Simultaneous thin section and phytolith observations of finely stratified deposits from Neolithic Çatalhöyük, Turkey: implications for paleoeconomy and Early Holocene paleoenvironment
Article first published online: 10 AUG 2011
Copyright © 2011 John Wiley & Sons, Ltd.
Journal of Quaternary Science
Volume 26, Issue 6, pages 576–588, August 2011
How to Cite
Shillito, L.-M. (2011), Simultaneous thin section and phytolith observations of finely stratified deposits from Neolithic Çatalhöyük, Turkey: implications for paleoeconomy and Early Holocene paleoenvironment. J. Quaternary Sci., 26: 576–588. doi: 10.1002/jqs.1470
- Issue published online: 10 AUG 2011
- Article first published online: 10 AUG 2011
- Manuscript Accepted: 2 NOV 2010
- Manuscript Revised: 22 OCT 2010
- Manuscript Received: 28 MAR 2010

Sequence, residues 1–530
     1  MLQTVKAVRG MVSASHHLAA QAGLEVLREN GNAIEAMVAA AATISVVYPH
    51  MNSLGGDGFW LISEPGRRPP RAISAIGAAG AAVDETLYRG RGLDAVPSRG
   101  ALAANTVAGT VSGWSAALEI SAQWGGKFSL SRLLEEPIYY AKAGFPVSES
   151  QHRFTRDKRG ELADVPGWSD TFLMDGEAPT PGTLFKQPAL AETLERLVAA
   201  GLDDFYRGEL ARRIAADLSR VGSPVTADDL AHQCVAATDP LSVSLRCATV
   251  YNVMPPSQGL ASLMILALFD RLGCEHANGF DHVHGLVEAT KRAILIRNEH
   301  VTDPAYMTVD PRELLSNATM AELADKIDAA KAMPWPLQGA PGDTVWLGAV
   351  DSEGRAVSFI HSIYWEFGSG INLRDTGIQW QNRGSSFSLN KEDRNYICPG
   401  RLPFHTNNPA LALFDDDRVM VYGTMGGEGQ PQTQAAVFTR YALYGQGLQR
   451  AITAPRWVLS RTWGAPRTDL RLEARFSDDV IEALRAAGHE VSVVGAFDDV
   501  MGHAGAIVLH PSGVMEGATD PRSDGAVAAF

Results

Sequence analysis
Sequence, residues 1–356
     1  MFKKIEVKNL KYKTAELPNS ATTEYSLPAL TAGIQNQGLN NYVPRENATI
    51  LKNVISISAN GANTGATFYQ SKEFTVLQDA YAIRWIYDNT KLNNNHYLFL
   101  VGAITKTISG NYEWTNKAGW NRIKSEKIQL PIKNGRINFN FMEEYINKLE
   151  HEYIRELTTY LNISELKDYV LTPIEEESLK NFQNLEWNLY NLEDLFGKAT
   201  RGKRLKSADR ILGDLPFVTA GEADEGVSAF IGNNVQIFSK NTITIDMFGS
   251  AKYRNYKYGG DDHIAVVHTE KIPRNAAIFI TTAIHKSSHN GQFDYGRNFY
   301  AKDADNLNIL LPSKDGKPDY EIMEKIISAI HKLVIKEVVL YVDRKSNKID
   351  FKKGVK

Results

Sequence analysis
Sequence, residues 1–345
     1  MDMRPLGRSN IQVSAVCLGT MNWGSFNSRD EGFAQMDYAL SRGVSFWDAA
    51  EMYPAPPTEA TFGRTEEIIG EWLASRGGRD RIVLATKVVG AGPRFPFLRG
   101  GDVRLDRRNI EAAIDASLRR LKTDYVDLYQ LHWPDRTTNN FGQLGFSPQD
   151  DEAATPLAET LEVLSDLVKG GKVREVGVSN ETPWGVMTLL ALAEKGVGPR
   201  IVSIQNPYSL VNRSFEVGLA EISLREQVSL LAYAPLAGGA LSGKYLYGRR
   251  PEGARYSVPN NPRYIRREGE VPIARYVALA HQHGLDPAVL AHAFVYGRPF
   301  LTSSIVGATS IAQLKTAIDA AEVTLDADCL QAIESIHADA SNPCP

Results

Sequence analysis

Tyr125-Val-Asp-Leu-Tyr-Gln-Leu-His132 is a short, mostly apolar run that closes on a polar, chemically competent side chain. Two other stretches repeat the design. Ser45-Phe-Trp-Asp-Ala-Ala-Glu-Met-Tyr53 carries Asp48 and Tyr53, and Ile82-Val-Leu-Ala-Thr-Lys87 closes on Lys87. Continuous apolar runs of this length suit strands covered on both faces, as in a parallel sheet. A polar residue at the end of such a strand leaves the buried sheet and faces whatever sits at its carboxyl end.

Simultaneous thin section and phytolith observations of finely stratified anthropogenic deposits from the Neolithic settlement of Çatalhöyük, Turkey, dated between 7400 and 6000 BC provide evidence for both the depositional context and phytolith assemblage of these deposits. Although extracted phytoliths provide a general picture of vegetation that supports existing evidence of a local wet marshland environment, comparisons with observations of phytoliths in situ indicate a diverse range of microcontexts, as well as depositional and post-depositional processes that influence phytolith size. This has implications for studies that use conjoined phytolith size as a proxy for water availability and early agricultural practices. Observations indicate a significant background noise of phytoliths and micro-charcoal in the deposits, linked to the frequent use of fire, which has implications for interpreting assemblages where phytolith counts are low, such as from floors of buildings. This study confirms the usefulness of phytoliths in providing information on human plant use and environment where the taphonomy of the deposits is clear, and provides new evidence for wet farming of at least some of the wheat found at the site. It also suggests there needs to be greater consideration of phytolith taphonomy, which can be provided to an extent by combining phytolith analysis with thin section micromorphology. Copyright © 2011 John Wiley & Sons, Ltd.